For decades, communities across the nation have been implementing community violence intervention strategies designed to promote community safety by interrupting patterns of violence in the lives of the highest-risk individuals. Yet too often, CVI programs have not received steady financial support or formal recognition for the important work that they do. To help fill critical resource gaps, the Office of Justice Programs launched the Community Based Violence Intervention and Prevention Initiative in 2022, which is now supporting local leaders as they scale lifesaving interventions and cement these strategies as essential and enduring components of the public safety infrastructure. This historic federal investment, made possible – in part – by the landmark Bipartisan Safer Communities Act, is helping to build out community infrastructure as a complement to the vital role of law enforcement. It reflects a comprehensive approach to public safety that pairs effective and equitable policing with a robust infrastructure of community resources, and it helps bring us together around a shared vision of safe, healthy, and vibrant communities.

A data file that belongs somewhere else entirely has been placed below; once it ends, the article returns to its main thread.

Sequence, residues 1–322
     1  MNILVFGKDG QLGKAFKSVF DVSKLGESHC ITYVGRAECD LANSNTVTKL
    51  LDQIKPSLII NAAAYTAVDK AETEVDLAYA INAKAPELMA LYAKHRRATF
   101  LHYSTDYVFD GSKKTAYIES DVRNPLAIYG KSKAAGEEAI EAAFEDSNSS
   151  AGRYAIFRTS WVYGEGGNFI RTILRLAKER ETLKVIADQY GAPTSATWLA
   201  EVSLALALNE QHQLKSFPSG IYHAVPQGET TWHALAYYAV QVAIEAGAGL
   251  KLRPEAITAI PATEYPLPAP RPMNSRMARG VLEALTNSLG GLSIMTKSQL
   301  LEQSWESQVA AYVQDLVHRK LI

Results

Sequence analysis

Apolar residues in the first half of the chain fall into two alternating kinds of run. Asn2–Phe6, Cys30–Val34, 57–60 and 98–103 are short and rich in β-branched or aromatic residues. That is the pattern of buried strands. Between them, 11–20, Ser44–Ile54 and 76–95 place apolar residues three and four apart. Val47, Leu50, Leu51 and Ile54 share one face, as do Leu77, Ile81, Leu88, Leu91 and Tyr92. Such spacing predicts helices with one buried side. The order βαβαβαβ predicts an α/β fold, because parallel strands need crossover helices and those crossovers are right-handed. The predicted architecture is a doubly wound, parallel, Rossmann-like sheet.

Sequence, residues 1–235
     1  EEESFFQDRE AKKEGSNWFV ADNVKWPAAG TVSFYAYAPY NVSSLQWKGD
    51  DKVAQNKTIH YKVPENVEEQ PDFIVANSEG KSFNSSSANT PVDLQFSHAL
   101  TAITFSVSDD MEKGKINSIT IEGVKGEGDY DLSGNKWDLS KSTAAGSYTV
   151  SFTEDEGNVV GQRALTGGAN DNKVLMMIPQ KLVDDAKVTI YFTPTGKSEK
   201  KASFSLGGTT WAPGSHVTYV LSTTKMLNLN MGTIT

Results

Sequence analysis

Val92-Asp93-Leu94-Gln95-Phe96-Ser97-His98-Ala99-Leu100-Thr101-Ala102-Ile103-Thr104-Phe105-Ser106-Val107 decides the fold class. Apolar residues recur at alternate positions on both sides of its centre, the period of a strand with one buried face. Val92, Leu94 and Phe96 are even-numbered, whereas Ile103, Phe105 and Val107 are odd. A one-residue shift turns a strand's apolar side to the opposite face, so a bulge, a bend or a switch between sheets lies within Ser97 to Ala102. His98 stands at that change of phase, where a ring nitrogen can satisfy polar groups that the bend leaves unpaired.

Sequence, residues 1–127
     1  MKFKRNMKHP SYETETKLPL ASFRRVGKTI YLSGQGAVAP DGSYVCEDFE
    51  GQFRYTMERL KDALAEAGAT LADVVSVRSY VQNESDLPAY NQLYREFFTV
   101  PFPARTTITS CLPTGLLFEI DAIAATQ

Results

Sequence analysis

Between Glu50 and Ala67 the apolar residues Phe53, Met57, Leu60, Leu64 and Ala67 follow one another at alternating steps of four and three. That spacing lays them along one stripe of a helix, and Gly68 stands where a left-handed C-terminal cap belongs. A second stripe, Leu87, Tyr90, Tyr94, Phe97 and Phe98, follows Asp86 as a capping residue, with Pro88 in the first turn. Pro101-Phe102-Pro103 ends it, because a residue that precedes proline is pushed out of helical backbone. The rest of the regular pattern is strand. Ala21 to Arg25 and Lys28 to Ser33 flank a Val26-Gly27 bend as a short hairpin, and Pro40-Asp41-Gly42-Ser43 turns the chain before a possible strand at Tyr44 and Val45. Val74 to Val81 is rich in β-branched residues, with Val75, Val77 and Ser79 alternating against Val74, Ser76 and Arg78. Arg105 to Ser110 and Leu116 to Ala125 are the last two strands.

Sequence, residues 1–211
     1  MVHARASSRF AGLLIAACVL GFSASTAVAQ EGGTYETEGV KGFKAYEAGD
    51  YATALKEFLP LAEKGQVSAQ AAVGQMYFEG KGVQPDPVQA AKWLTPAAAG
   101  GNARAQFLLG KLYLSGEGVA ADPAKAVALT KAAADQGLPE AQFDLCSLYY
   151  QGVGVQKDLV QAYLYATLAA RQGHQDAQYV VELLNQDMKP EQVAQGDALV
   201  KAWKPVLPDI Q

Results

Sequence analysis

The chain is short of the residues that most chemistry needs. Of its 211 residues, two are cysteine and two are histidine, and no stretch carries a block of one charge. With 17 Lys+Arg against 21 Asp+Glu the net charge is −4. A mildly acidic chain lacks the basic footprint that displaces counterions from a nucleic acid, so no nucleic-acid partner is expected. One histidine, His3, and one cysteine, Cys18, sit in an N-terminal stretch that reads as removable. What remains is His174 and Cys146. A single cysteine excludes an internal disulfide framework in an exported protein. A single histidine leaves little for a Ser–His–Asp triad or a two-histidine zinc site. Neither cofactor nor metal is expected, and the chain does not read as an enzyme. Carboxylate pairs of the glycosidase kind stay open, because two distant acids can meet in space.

Investments in CVI are emblematic of our mission at the Office of Justice Programs: to advance community safety, build community trust and strengthen the community’s role as co-producer of safety and justice. Our efforts are most effective when we are working in close partnership with community leaders to expand opportunity, confront trauma and find effective, sustainable solutions that get to the root of community violence.
Announcing Awards for a New Cohort of CVI Organizations
In FY22, Office of Justice Programs made an unprecedented investment in organizations across the country to carry out the critical work of community violence intervention. Today, we are announcing more than $90 million in additional awards, bringing our total investment to nearly $200 million in support for over 75 CVI sites nationwide.